So there is general consensus that there is too much censorship. It’s just that for those more persuaded by Western liberal philosophy like Ai Weiwei, the (relative lack of) free speech in China is a problem because of conflicting ideologies. For many Chinese students at Duke and DKU, it is a problem of practicality. For me, this is a pretty good analogy for how the cultural mindsets of East and West differ.

There is always a tradeoff between freedom and stability, and societies collectively determine their own balance. In both China and Western democracies, the balance tends to continuously shift, and for different reasons. The most important lesson I want to impart is that it doesn’t make sense to talk about a country within an ethical framework that has little basis in that country’s culture and history. To debate the faults and merits of its systems and practices, to really understand China, should require stepping into a more Chinese perspective. And as this summer comes to a close, I look forward to continuing to deepen this understanding.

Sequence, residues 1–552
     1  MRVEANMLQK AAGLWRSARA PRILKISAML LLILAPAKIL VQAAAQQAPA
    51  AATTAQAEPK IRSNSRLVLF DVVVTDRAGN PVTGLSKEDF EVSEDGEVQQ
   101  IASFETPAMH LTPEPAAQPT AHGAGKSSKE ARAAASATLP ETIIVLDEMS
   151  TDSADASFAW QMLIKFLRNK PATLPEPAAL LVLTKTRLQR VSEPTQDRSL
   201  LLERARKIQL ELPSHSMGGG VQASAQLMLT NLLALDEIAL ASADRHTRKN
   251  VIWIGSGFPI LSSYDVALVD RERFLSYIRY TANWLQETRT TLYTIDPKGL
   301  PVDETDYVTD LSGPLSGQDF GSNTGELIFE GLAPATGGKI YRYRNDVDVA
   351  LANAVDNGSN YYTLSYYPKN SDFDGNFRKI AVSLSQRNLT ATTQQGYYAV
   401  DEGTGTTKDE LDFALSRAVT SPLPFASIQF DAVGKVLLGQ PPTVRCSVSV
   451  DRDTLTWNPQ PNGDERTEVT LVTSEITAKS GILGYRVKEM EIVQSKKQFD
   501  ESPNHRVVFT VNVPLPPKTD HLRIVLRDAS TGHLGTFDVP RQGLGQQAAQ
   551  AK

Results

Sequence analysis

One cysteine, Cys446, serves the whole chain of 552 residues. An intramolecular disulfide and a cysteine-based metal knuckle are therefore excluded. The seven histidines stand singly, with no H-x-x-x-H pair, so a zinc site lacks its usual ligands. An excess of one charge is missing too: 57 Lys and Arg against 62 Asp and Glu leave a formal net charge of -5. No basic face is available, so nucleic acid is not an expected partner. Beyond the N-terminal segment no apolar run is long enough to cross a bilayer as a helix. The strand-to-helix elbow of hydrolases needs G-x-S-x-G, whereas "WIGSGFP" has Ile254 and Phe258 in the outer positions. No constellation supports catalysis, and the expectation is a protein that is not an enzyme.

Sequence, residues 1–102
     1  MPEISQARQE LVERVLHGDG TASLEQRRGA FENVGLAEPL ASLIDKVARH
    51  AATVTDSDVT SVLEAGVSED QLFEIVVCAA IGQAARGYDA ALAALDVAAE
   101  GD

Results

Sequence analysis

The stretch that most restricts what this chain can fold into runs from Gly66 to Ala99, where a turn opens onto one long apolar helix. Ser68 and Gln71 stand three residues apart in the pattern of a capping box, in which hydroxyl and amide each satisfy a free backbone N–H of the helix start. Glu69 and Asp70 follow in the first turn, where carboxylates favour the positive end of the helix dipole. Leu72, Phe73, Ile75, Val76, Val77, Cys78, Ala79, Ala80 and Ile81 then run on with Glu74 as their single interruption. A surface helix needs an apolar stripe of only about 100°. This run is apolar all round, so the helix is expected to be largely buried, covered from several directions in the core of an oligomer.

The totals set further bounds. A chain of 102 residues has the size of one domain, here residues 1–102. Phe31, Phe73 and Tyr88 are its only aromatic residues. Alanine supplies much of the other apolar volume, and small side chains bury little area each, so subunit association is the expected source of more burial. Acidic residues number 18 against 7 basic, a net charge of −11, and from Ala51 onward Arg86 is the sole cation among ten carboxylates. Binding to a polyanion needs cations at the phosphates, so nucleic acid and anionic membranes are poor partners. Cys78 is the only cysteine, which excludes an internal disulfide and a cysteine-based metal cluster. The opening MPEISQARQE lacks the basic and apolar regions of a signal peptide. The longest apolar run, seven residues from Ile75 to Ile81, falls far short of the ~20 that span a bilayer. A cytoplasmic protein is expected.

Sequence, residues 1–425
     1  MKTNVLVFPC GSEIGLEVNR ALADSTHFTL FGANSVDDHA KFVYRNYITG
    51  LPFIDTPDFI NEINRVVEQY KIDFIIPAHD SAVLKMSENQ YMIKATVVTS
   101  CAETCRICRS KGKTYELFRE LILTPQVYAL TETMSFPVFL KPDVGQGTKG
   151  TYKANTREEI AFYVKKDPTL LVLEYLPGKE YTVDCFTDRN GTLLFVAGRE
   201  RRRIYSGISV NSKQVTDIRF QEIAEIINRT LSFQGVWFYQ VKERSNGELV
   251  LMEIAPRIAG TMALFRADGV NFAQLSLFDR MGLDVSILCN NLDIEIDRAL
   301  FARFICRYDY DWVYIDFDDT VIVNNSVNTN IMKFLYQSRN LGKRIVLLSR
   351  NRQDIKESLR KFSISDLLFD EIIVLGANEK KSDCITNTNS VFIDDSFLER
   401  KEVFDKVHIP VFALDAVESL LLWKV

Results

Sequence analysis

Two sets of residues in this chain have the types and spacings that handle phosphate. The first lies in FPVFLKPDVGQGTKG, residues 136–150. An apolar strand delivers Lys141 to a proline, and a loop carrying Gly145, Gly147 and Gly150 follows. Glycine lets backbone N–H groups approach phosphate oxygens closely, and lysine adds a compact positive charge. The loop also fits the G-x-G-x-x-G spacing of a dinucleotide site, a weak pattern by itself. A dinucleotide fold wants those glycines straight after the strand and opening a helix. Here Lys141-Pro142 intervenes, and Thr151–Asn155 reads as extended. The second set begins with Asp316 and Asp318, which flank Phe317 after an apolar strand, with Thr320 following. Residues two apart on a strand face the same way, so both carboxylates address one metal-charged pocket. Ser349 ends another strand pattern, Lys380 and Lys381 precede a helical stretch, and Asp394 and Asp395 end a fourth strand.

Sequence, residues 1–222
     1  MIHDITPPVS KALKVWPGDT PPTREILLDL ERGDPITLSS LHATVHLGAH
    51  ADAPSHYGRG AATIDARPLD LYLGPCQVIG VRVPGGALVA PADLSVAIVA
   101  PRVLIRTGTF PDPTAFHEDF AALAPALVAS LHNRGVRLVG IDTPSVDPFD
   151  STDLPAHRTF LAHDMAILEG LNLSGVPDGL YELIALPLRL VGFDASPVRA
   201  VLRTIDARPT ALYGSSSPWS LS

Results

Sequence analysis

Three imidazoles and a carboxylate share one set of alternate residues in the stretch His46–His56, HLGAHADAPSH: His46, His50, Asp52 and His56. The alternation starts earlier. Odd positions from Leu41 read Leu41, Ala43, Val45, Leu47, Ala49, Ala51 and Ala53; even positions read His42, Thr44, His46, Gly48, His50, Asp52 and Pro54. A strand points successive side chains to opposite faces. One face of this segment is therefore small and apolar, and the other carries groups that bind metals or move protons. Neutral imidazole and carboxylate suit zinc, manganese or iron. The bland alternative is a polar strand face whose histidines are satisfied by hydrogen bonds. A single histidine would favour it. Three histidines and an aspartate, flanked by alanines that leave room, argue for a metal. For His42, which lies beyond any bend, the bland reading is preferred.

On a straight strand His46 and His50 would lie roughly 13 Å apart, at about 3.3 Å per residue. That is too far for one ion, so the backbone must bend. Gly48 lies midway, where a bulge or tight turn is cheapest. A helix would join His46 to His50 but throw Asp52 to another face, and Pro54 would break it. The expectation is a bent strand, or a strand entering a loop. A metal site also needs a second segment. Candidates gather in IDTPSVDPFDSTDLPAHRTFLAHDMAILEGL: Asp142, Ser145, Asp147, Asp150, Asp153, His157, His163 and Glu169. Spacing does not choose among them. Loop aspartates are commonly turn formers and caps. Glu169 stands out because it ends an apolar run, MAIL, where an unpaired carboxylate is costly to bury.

*name changed for anonymity

Lucy Dong is a T’20 Undergraduate and a member of Team Kenan. She also participated as a 2017 Kenan Summer Research Fellow.